In 2004, the last full year of operating by the state's casino industry before the hurricane, Mississippi reported gaming revenues of $2.77 billion, with $1.23 billion coming from the Gulf Coast.

"No question, we were well on our way to $3 billion in gaming revenue in 2005 when the hurricane hit," Gregory said. "What's amazing is that we are back on track and ahead of where we were two years ago."

The casino development is also not done. Harrah's and its partner, singer-songwriter Jimmy Buffett, broke ground recently on the $704 million Margaritaville Casino & Resort in Biloxi. The 46-acre site on the south side of Highway 90 will have 798 rooms, a 100,000-square-foot casino, 250,000 square feet of retail and 66,000 square feet of meeting space.

Although the casinos have returned, concern continues for the rest of the community.

Holloway said many businesses and residents have moved inland and away from the coast while a vast majority of the destroyed nongaming businesses along Highway 90 have yet to be rebuilt due to disputes with insurance companies. Still, the Edgewater Mall that fronts the highway has partially reopened.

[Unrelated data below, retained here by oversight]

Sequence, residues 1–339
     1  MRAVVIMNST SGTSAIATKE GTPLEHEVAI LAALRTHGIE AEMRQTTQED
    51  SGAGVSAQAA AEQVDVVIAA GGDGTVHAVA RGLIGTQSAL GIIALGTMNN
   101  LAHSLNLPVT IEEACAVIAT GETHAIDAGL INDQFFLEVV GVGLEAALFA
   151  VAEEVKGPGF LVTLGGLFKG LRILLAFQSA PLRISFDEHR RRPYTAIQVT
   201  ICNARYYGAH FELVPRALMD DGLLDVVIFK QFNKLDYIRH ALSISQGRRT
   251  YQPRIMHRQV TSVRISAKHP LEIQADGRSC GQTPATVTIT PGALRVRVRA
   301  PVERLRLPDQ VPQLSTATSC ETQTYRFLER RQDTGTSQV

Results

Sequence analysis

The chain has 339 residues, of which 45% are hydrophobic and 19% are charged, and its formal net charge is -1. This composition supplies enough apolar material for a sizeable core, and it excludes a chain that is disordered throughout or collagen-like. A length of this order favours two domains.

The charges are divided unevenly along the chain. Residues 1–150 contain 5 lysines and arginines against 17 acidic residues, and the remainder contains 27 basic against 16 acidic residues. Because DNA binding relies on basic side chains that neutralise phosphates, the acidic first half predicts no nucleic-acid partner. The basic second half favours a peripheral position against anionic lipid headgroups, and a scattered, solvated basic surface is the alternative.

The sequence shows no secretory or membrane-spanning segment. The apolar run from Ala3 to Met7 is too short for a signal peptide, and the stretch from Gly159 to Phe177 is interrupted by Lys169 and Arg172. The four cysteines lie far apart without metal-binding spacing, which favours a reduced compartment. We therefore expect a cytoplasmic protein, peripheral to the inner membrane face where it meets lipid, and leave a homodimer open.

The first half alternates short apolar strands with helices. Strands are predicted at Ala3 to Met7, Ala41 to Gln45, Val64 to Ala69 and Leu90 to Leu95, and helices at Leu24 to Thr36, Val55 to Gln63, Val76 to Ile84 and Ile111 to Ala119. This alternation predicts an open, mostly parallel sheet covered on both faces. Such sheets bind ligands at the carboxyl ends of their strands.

Construction costs, Holloway said, rise between 3 percent and 5 percent each quarter while insurance costs continue to skyrocket.

"We've issued around $800 million in building permits since Katrina, and about $600 million of that are for non-gaming projects," Holloway said.

"A lot are condos but I'm not sure how many of those are for real."

He said there is still a ways to go until the housing market comes back completely, but some new subdivisions are under construction.